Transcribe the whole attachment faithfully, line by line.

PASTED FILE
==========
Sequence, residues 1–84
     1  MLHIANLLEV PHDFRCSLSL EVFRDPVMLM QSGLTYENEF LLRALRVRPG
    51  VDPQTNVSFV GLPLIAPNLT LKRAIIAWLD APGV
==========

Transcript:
Sequence, residues 1–84
     1  MLHIANLLEV PHDFRCSLSL EVFRDPVMLM QSGLTYENEF LLRALRVRPG
    51  VDPQTNVSFV GLPLIAPNLT LKRAIIAWLD APGV